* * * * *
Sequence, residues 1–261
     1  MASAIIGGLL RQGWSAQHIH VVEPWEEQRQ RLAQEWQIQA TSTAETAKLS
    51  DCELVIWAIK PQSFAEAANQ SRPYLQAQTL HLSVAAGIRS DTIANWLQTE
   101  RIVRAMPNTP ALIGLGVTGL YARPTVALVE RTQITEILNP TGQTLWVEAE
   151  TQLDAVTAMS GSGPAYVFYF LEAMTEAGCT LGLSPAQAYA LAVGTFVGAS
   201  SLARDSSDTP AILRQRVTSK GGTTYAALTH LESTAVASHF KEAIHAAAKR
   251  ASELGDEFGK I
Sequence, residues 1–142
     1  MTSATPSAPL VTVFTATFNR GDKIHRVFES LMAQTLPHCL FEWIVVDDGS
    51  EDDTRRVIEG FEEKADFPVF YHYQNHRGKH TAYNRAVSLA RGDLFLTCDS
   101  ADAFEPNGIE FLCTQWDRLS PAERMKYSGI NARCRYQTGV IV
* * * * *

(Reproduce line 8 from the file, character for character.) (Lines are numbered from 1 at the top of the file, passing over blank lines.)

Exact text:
Sequence, residues 1–142